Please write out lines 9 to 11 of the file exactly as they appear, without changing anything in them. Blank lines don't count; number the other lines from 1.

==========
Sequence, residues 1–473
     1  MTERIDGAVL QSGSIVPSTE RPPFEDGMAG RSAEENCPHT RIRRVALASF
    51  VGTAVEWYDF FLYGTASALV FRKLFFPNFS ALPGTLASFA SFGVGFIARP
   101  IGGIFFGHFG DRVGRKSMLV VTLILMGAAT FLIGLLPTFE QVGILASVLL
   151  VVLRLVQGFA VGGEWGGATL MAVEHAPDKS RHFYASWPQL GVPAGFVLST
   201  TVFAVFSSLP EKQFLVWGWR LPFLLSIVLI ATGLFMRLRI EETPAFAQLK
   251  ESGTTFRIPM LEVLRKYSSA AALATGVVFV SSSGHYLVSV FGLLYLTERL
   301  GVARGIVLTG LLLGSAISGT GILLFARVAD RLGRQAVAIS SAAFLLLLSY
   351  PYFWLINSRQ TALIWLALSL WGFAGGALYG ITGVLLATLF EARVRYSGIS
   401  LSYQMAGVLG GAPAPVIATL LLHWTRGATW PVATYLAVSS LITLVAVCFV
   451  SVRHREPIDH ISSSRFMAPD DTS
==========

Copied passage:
   351  PYFWLINSRQ TALIWLALSL WGFAGGALYG ITGVLLATLF EARVRYSGIS
   401  LSYQMAGVLG GAPAPVIATL LLHWTRGATW PVATYLAVSS LITLVAVCFV
   451  SVRHREPIDH ISSSRFMAPD DTS